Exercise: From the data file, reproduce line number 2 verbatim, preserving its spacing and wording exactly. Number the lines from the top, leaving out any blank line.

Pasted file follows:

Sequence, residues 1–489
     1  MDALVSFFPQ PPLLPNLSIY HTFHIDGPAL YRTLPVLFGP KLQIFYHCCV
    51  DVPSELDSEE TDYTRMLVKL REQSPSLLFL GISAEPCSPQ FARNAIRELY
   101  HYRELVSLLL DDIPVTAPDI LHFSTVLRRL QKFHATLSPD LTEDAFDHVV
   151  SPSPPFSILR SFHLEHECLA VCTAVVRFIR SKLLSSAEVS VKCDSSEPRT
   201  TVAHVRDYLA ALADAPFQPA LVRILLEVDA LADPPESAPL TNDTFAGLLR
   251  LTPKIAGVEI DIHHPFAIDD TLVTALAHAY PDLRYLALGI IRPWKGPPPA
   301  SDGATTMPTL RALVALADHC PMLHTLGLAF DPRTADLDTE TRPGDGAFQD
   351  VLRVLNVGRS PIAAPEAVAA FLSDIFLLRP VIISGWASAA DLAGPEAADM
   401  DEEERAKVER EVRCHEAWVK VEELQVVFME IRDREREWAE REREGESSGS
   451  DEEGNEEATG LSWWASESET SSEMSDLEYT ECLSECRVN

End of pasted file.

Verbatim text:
     1  MDALVSFFPQ PPLLPNLSIY HTFHIDGPAL YRTLPVLFGP KLQIFYHCCV